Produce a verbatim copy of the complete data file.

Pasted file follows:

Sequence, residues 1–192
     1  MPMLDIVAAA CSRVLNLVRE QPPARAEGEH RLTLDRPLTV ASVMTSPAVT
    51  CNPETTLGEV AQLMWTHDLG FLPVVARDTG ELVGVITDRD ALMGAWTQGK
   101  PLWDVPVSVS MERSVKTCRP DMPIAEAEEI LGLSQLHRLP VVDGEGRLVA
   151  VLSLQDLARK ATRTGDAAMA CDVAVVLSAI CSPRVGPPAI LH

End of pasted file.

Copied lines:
Sequence, residues 1–192
     1  MPMLDIVAAA CSRVLNLVRE QPPARAEGEH RLTLDRPLTV ASVMTSPAVT
    51  CNPETTLGEV AQLMWTHDLG FLPVVARDTG ELVGVITDRD ALMGAWTQGK
   101  PLWDVPVSVS MERSVKTCRP DMPIAEAEEI LGLSQLHRLP VVDGEGRLVA
   151  VLSLQDLARK ATRTGDAAMA CDVAVVLSAI CSPRVGPPAI LH